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Police warn about scam targeting Facebook users

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Frank Schultz
May 20, 2014

JANESVILLE—Warning local teens: That “easy money” message you got from someone you know on Facebook could be bogus.

Police are warning about a scam involving reloadable money cards that at least three Janesville teens fell for recently.

Police said two girls at Craig High School told their police liaison officer they had received a Facebook message from an acquaintance saying she could make them  “easy, legit money” if they bought a Vanilla Reloadable cash card and loaded $100 on it.

The acquaintance told them she had a relative at the company who would move the decimal point on their accounts, turning $100 into $1,000 within an hour, said Janesville police Detective Chris Buescher.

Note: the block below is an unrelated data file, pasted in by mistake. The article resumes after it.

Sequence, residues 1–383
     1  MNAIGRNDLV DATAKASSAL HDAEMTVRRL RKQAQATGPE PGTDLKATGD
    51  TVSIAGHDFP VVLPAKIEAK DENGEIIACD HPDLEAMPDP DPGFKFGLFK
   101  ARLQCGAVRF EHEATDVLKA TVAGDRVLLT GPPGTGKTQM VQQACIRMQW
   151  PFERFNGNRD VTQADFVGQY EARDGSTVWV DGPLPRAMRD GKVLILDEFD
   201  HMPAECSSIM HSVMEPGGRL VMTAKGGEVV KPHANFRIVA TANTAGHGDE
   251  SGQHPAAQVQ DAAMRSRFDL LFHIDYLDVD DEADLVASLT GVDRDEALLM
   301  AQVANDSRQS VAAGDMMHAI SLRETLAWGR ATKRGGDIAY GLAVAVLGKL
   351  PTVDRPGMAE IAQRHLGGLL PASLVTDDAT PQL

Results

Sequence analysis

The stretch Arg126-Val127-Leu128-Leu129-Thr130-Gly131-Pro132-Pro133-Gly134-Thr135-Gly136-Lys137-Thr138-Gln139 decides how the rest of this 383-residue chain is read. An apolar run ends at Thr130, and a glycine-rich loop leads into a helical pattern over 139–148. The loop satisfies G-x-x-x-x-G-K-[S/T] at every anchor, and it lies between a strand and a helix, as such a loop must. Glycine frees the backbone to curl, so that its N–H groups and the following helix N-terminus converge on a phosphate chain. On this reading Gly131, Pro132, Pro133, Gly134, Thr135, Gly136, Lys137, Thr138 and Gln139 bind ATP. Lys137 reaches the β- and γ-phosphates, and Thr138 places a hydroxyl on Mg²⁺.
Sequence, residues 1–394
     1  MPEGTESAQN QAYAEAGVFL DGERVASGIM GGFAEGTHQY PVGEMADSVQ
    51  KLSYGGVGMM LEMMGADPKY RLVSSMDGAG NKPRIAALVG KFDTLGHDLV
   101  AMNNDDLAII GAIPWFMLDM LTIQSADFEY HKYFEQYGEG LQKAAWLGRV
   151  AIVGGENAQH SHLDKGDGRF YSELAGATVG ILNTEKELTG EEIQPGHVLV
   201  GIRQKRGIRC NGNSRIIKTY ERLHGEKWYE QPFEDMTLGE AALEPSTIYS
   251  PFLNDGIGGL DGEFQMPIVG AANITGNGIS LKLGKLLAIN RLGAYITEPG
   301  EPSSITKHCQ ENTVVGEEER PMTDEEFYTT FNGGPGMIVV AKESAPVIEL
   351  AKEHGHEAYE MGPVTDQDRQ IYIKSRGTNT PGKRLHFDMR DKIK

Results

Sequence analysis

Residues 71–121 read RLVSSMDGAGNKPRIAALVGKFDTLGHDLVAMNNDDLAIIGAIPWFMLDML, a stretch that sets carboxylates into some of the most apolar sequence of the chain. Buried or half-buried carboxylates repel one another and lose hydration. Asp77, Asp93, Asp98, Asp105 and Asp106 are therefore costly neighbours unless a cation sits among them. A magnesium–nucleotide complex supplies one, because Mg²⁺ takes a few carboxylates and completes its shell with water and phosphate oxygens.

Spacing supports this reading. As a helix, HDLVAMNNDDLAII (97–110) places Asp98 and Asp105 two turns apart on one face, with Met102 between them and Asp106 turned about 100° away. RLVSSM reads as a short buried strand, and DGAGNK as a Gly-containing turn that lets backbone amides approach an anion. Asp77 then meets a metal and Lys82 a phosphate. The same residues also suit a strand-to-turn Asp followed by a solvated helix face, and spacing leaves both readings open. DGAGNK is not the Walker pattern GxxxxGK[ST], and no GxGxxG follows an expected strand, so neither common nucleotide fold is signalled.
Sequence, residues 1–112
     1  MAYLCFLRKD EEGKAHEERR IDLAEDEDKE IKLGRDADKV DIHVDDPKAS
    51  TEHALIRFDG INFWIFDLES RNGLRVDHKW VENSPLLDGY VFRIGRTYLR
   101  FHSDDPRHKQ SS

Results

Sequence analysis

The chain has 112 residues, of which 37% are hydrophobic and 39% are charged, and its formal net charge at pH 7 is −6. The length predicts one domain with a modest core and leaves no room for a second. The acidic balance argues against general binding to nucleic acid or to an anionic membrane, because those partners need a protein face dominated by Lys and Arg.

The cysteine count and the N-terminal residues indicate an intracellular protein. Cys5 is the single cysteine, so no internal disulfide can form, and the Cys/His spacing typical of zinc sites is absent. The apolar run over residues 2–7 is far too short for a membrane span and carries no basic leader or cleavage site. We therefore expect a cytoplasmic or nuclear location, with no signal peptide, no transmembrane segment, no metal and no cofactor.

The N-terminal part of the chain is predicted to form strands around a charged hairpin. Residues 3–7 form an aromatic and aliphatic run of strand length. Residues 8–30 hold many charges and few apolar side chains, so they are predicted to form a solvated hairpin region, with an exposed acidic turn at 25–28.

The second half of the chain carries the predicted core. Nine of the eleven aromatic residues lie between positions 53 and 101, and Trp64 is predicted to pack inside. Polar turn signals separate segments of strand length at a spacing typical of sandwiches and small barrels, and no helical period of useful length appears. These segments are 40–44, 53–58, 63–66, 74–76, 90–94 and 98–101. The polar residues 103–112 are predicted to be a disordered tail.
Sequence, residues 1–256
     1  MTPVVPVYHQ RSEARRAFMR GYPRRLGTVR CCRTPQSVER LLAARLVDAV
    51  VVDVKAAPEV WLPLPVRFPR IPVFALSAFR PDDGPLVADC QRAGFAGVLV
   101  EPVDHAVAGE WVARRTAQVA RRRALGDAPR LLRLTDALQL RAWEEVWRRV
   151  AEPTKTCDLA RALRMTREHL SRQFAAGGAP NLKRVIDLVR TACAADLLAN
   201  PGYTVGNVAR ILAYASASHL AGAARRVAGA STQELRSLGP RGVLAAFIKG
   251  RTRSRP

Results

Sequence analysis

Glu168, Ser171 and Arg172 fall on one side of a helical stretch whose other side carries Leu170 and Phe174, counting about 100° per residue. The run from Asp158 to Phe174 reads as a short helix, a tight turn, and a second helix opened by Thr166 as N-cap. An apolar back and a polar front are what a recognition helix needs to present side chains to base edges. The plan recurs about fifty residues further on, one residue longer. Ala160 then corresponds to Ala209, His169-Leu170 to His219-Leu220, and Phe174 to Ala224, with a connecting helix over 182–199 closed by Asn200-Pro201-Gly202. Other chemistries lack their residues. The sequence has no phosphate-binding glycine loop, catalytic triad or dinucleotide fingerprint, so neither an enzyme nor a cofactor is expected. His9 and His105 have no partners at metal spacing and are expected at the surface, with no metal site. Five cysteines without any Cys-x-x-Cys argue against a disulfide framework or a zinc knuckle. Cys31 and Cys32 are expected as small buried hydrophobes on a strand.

The victims were told to give the card's personal identification number, or PIN, to the acquaintance, and money would be added to the card's balance.

When the victims checked back later, the money was gone. The Facebook account and phone numbers were no longer in service.

Buescher said the girls' acquaintance lives in Janesville, but police don't think that person is responsible. They believe the acquaintance's Facebook account was hacked, or someone took her photo and profile information and created a fake Facebook page.

The wording of the Facebook messages led Buescher to believe they were from someone overseas whose native tongue is not English. They were written in poor English and mentioned stores, such as 7-11 and Rite Aid, where the cards could be bought, and those stores don't exist here, Buescher said.

Police said in an alert issued Tuesday that money stolen in such scams usually goes outside the United States and is not retrievable.

Buescher said he received a third report about a local teen with the same story, and he is worried about how widespread it could become.

“Kids nowadays have hundreds if not thousands of friends on their Facebook accounts,” Buescher noted, so police sent out the alert.

Buescher said the investigation is in its early stages.



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